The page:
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The basic chemistry for life has been detected the atmosphere of a second hot gas planet, HD 209458b. Data from the Hubble and Spitzer Space Telescopes provided spectral observations that revealed molecules of carbon dioxide, methane and water vapor in the planet’s atmosphere. The Jupiter-sized planet – which occupies a tight, 3.5-day orbit around a sun-like star — is not habitable but it has the same chemistry that, if found around a rocky planet in the future, could indicate the presence of life. Astronomers are excited about the detection, as it shows the potential of being able to characterize planets where life could exist.
HD 209458b is in the constellation Pegasus.
“It’s the second planet outside our solar system in which water, methane and carbon dioxide have been found, which are potentially important for biological processes in habitable planets,” said researcher Mark Swain of JPL. “Detecting organic compounds in two exoplanets now raises the possibility that it will become commonplace to find planets with molecules that may be tied to life.”
Over a year ago, astronomers detected these same organic molecules in the atmosphere of another hot, giant planet, called HD 189733b, using the same two space telescopes. Astronomers can now begin comparing the chemistry and dynamics of these two planets, and search for similar measurements of other candidate exoplanets.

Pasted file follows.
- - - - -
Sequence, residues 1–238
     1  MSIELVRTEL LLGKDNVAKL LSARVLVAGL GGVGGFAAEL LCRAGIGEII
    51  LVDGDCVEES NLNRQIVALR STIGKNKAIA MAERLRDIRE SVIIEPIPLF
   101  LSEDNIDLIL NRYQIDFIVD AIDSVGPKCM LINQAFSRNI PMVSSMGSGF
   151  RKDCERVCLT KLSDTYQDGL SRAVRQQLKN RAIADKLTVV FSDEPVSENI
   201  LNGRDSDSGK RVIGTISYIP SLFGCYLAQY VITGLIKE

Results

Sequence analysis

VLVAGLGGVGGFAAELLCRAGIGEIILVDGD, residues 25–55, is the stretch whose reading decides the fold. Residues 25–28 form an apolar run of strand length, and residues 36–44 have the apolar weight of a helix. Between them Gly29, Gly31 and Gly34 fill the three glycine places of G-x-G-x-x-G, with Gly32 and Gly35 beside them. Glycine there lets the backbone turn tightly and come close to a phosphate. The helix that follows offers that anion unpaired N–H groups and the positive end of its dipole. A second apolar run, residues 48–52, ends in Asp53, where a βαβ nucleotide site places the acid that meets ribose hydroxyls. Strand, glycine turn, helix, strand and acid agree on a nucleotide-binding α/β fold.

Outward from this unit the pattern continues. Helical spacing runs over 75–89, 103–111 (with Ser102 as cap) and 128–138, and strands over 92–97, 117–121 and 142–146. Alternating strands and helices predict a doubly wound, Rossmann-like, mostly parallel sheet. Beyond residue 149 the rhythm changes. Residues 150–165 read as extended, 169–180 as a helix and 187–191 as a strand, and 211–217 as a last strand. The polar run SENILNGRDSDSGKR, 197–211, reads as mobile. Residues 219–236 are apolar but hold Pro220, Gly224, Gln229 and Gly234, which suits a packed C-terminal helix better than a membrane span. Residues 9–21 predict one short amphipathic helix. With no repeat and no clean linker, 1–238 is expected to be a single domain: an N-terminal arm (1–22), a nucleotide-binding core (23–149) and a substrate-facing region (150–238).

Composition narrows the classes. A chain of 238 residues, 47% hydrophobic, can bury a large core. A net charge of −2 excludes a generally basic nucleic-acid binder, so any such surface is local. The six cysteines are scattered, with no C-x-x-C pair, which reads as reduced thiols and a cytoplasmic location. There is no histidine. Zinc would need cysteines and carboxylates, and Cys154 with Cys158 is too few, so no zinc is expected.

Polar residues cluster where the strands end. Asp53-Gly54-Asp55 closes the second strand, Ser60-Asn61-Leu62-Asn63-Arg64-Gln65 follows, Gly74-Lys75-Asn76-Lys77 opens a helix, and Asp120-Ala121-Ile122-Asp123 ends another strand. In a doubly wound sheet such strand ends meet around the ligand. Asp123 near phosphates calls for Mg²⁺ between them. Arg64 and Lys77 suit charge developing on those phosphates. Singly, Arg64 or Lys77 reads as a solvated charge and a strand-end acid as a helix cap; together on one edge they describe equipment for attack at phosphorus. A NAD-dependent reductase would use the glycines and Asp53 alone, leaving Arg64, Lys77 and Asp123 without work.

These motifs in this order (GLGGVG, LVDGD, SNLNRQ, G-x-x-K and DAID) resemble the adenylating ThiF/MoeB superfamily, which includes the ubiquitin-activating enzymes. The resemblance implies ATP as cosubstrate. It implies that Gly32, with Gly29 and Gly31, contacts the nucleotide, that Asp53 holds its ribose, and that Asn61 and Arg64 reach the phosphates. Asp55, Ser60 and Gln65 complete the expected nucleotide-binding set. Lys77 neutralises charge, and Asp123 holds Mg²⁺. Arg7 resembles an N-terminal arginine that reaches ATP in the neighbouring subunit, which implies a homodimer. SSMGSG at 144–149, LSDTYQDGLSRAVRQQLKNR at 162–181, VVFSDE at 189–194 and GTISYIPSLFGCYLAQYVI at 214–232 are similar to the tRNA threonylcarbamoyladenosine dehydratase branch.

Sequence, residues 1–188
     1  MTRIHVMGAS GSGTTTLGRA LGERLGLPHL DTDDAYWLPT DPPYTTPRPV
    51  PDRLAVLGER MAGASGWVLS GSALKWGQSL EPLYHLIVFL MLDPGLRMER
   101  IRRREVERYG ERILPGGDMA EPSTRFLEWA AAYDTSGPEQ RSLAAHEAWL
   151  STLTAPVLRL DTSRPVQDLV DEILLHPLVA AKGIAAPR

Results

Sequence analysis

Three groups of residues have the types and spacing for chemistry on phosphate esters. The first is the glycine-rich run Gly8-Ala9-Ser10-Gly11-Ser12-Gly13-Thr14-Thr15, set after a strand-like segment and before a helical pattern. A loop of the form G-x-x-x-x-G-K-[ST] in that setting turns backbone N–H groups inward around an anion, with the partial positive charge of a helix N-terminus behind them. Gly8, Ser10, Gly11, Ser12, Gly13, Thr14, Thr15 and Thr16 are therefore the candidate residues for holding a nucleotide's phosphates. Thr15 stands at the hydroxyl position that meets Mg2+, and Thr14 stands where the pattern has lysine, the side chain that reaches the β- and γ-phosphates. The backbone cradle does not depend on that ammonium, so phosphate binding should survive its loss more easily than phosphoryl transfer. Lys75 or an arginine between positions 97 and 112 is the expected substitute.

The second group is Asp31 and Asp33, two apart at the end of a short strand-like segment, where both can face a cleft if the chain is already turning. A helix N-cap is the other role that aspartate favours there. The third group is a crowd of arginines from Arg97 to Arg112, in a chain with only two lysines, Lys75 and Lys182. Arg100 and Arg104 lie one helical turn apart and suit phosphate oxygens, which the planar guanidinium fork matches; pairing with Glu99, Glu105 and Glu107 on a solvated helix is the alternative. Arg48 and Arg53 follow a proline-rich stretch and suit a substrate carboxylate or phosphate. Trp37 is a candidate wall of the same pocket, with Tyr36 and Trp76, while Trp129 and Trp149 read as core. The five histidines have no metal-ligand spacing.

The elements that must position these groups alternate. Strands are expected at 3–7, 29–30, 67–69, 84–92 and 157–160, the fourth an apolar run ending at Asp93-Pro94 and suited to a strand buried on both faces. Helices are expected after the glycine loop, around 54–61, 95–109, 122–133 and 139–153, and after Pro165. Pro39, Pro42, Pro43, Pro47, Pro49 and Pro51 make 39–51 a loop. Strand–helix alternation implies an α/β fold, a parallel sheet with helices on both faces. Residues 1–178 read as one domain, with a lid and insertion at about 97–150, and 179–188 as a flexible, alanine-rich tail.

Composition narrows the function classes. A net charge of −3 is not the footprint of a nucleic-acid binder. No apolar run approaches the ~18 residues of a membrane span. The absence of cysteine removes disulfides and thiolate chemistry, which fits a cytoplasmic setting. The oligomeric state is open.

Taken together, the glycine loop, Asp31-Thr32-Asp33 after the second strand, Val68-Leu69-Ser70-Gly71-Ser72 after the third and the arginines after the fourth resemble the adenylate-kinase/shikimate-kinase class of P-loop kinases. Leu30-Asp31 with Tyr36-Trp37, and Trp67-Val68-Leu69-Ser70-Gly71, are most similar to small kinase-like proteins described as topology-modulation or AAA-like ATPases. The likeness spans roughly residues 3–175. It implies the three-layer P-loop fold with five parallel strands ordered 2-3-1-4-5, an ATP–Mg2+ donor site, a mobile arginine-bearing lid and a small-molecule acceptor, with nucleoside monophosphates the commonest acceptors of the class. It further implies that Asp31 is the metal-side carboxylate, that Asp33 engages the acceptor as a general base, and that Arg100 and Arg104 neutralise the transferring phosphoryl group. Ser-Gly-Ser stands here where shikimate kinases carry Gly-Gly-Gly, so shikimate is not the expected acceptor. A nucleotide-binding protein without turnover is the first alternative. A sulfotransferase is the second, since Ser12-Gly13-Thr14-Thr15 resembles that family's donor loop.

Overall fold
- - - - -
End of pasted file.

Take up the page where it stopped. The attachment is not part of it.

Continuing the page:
The detections were made through spectroscopy, which splits light into its components to reveal the distinctive spectral signatures of different chemicals. Data from Hubble’s near-infrared camera and multi-object spectrometer revealed the presence of the molecules, and data from Spitzer’s photometer and infrared spectrometer measured their amounts.
“This demonstrates that we can detect the molecules that matter for life processes,” said Swain. Astronomers can now begin comparing the two planetary atmospheres for differences and similarities. For example, the relative amounts of water and carbon dioxide in the two planets is similar, but HD 209458b shows a greater abundance of methane than HD 189733b. “The high methane abundance is telling us something,” said Swain. “It could mean there was something special about the formation of this planet.”
Rocky worlds are expected to be found by NASA’s Kepler mission, which launched earlier this year, but astronomers believe we are a decade or so away from being able to detect any chemical signs of life on such a body.
If and when such Earth-like planets are found in the future, “the detection of organic compounds will not necessarily mean there’s life on a planet, because there are other ways to generate such molecules,” Swain said. “If we detect organic chemicals on a rocky, Earth-like planet, we will want to understand enough about the planet to rule out non-life processes that could have led to those chemicals being there.”
“These objects are too far away to send probes to, so the only way we’re ever going to learn anything about them is to point telescopes at them. Spectroscopy provides a powerful tool to determine their chemistry and dynamics.”
For more information about exoplanets and NASA’s planet-finding program, check out PlanetQuest.